One of the great, if inane, puzzles standing in front of researchers today is why certain people are left-handed and others are right-handed. More to the point, why are 90 percent of people right-handed, while a paltry tenth of the population are lefties. One growing theory, which may have some added salience with a recent study, involves the season in which lefties are born.

Something to consider in mulling over the puzzle: In just about every sport that involves handedness (think baseball, boxing, and hockey over football or golf), lefties are overrepresented relative to the rest of the population. In major league baseball, for instance, the 90:10 ratio scientists find in the civilian world shrinks to 75:25. The logic is simple from an observational point of view. Left-handers are so unique, the average right-handed player hasn’t had much practice against them, so they suffer — even if the books say they’re lesser players.

While simple, this logic doesn’t explain why the handedness gulf is so vast among the general population. The latest study subscribes to a theory that relies on a cascade of events, dealing with daylight’s effect on testosterone levels and the hormone’s secretion in the fetus during embryonic development. Since its inception in 1985, the theory has come to be known as the Geschwind–Galaburda hypothesis, a namesake for the two biologists who developed it.

Nearly 30 years later, researchers from the University of Vienna wanted to put it to the ultimate test. They collected data from 13,000 Austrians and Germans regarding their handedness, birth month, age, and gender. Overall, the months most likely to represent left-handedness were November through January. From February to October, the lefty rate hovered around 8.2 percent. Between the other three months, it shot up to 10.5 percent — a surefire sign the hypothesis had merit.

"Presumably, the relative darkness during the period November to January is not directly connected to this birth seasonality of handedness,” said lead author Ulrich Tran in a statement. “We assume that the relative brightness during the period May to July, half a year before, is its distal cause.”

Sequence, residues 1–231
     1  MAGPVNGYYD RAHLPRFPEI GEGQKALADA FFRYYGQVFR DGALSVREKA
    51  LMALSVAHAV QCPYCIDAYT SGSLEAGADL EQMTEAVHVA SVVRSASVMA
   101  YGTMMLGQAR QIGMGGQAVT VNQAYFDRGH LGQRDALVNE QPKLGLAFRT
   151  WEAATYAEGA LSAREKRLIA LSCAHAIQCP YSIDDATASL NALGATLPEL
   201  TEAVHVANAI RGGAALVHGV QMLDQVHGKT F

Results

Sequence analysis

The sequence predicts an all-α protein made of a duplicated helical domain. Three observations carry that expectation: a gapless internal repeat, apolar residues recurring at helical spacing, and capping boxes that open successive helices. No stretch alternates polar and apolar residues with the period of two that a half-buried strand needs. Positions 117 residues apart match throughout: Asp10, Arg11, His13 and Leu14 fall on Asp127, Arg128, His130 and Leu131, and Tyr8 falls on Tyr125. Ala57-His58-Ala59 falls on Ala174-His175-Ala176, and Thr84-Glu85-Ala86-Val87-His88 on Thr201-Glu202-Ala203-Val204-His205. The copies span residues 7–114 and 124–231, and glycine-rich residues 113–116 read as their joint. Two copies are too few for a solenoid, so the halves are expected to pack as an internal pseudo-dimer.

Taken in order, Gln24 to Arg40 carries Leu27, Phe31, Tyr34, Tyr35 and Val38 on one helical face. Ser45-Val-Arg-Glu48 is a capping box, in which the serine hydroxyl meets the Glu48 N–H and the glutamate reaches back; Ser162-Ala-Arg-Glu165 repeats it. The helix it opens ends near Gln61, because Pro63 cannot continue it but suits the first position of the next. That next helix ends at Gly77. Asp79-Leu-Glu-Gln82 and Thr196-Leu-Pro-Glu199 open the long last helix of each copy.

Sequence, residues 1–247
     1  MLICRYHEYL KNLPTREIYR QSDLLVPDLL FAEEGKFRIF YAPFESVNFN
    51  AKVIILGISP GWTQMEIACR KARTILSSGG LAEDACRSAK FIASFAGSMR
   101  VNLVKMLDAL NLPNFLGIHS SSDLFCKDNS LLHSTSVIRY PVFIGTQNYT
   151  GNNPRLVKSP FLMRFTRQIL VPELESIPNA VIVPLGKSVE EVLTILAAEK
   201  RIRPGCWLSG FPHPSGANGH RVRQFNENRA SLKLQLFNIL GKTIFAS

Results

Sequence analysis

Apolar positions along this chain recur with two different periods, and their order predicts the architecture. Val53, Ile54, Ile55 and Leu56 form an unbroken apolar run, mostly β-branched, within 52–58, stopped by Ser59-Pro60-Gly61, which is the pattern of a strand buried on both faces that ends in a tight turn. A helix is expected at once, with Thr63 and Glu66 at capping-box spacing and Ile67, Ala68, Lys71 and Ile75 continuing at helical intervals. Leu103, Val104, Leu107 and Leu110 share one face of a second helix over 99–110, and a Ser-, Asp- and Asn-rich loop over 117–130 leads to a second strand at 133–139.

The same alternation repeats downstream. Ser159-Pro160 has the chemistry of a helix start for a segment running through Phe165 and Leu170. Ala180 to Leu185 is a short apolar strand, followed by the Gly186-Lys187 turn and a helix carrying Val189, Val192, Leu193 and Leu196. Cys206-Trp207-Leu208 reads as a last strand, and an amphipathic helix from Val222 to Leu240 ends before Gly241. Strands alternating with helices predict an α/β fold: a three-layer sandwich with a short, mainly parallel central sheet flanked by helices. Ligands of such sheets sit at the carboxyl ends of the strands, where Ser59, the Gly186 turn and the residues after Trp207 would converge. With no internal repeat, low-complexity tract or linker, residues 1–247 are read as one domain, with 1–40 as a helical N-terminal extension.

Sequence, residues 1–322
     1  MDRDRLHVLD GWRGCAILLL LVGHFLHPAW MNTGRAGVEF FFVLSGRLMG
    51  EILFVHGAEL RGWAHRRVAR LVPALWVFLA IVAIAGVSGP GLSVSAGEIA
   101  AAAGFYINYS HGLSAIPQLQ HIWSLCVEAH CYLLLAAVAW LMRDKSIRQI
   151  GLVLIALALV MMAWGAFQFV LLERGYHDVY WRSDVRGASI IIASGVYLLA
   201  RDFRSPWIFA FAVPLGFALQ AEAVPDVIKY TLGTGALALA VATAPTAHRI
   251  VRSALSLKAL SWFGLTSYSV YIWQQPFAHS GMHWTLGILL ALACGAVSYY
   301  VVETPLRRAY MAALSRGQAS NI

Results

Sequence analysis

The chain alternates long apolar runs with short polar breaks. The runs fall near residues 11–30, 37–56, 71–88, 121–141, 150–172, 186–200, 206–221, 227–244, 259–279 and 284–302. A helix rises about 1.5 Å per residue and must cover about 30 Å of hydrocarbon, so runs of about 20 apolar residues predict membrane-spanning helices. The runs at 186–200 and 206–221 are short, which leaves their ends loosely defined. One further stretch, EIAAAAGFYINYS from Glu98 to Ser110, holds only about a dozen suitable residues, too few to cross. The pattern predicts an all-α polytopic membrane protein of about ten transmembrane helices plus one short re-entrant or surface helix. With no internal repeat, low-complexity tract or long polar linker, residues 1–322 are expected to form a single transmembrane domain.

Here Tran relies on a number of assumptions. The first is that testosterone levels increase in the presence of daylight, via vitamin D. This has been confirmed. The next is that a mother’s testosterone levels influence the levels of the fetus she’s carrying — also confirmed. Where the science breaks down is in the third step, where the hypothesis comes in. It says greater intrauterine testosterone levels cause a delay in maturation in the left side of the brain, which, if brain lateralization holds true, means a person’s right hand would become the non-dominant hand. Thus, a lefty is born.

The effect Tran and his colleagues observed occurred only in men. Women weren’t overrepresented from November through January. The researchers chalked this up to male brains coming stock with a greater supply of testosterone than female brains from the start. Though compelling, a lot of uncertainty remains. The study can’t make any direct claims about how seasonality affects birth, due to so many intermediary factors. All they know is a correlation exists. And until science gets a better hold on what’s going on in those tiny, developing brains, handedness will continue to be a mystery, and southpaws around the world will celebrate.

Source: Tran U, Stieger S, Voracek M. Latent variable analysis indicates that seasonal anisotropy accounts for the higher prevalence of left-handedness in men. Cortex. 2014.